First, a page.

Children Living with Autism are Visual Thinkers
Many children with autism are visual thinkers. The best way to help an autistic child manage change is to
understand the way they think, so you can offer ideas and situations to them in a way they will successfully
understand. Children with autism may be frequently aggravated by their inability to make themselves
understood, they need coaching and guidance.

The average child with autism thinks in pictures. This thinking process is known as visual thought. Visual
thought is when a person thinks in illustrations, images or plays a movie, instead of actual words and ideas.
Consequently, for most children with autism, words are like a second language. Written and spoken words
are translated into moving pictures with sounds in their brain. It is through the impression of their visual
thoughts that they can either identify with a situation and words, or not comprehend. When giving
instructions to a child with autism, one should avoid long sentences of verbal information. Supporting oral
commands with visual cues and symbols will help the child to better grasp the request.

Using Visual Aids

The most widely recommended method for teaching children with autism is to use visual aids. These
children often exhibit useful abilities in detailed thinking, rote memory, and visual learning. However, they
have trouble in simple thinking, social awareness, communication, and attention. When teaching general
ideas and fictional thinking use specific examples, and vary the examples so that the idea is not mistakenly
learned as pertaining to only one approach.

Using visual supports allows the child to focus on the message. Visual aids and symbols range in difficulty
from simple and actual to hypothetical. The range shifts from real object or situation, to make-believe, color
photograph, color picture, black and white picture, line drawing, and finally to graphic symbol and written
language. Using a line drawing to support learning when the student needs color photographs in order to
comprehend will only frustrate everyone.

Visual supports are very useful and can be used to:

• Organize the child’s daily activities, schedules, calendars, and choice boards with colored picture cut outs.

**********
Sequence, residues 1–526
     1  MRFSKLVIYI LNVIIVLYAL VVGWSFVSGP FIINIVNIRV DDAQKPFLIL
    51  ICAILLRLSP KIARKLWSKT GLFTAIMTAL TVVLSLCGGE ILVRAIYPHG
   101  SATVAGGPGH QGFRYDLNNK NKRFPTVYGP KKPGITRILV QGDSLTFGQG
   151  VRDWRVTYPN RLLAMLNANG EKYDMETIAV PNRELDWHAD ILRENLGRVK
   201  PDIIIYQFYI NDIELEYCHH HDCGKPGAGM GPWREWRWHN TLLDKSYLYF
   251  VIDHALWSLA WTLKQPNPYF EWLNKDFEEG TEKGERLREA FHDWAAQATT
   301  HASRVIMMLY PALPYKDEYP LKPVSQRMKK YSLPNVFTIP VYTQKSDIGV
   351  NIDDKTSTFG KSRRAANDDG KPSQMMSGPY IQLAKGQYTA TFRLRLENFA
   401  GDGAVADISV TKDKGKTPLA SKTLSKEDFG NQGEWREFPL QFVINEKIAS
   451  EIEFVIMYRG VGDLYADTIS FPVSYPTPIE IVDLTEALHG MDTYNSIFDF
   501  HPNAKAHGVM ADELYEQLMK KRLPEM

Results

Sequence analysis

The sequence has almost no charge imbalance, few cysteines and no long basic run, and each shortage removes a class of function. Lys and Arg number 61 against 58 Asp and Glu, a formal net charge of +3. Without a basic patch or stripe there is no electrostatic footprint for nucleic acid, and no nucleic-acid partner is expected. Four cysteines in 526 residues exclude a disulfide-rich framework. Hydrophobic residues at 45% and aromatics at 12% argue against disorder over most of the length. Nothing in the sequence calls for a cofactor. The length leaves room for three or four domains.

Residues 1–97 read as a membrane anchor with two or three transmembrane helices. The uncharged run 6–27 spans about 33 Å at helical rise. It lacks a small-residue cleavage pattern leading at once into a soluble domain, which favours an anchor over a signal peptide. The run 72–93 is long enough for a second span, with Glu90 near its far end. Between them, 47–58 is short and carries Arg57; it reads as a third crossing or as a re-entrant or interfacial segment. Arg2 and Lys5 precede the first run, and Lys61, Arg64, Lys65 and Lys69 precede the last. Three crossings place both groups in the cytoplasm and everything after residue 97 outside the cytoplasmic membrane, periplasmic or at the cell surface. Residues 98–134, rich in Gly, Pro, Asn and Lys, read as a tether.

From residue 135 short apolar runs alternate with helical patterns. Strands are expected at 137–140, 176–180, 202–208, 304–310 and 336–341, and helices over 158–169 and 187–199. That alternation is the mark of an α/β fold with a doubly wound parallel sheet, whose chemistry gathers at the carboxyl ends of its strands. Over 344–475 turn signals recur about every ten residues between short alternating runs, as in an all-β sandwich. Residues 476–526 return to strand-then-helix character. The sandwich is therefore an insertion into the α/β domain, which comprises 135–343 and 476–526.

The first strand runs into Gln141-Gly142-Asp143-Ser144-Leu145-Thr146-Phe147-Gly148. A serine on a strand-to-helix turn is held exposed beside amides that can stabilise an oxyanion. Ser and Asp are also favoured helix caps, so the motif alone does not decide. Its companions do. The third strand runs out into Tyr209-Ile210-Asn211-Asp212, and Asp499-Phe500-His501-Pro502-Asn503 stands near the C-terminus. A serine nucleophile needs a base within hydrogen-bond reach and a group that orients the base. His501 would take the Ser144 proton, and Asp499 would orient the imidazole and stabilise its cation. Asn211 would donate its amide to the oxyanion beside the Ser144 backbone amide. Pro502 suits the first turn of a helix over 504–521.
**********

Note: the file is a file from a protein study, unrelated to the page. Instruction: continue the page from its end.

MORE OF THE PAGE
• Provide directions or instructions for the child through visual display of home, flash cards with directions
for specific tasks and activities, by drawing or a graph or chart with symbolic figures representing a certain
number of people, places, foods, etc. with written instructions for learning new information.

• Assist the child in understanding the association of their surroundings by labeling of objects around the
home.

• Support appropriate behavior by posting rules and images to show daily routine.

• Teach social skills - illustrate social stories by describing a social situation with the social clues and
appropriate responses, developed for a specific situation for the individual child. The most effective plan for
a story is a booklet with one or two sentences on each page, and a single page including one situation.

• Teach self-control - drawings, which offer cues for behavior expectations.
Choose visual aids on the basis of understanding of the student and her or his abilities and response.

Children with Autism Need Extra Support

Children with autism may need longer to respond than typically developing children. This may be connected
to cognitive and/or motor difficulties. Children with autism may need to process each separate piece of the
meaning or request, and consequently need extra time to respond. Allowing for sufficient time between
giving instructions and the child’s response are both important approaches for supporting children with
autism.

Parents may need to break difficult tasks down and outline it into small, teachable steps. For each step of a
difficult task, the child needs to have the basic skills. These sub-skills may need to be taught and strengthen
in order. For example, when teaching a self-help skill such as brushing teeth, the task may need to be broken
down into sub-skills: getting the toothbrush and toothpaste, turning on the water, wetting the toothbrush,
unscrewing the lid of the toothpaste, putting the toothpaste on the toothbrush, etc. Life skills, social skills,
and academic skills can all be considered and approached as tasks and sub-tasks, with each step taught and
then linked to the next in a series sub-tasks.  

One of the benefits from using visual aids is that children can use them for as long as they need to process
the information. Oral information may cause difficulties for children who have trouble processing language,
and who require extra time. In addition, it may be difficult for the child with autism to focus on significant
information and to block out background stimulation.
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